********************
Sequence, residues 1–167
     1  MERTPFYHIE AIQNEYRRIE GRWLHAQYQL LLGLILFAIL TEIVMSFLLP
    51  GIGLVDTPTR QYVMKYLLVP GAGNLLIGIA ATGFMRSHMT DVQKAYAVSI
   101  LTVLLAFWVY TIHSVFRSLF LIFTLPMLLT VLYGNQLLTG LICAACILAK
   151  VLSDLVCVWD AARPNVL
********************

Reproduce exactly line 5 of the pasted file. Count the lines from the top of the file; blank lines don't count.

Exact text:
   151  VLSDLVCVWD AARPNVL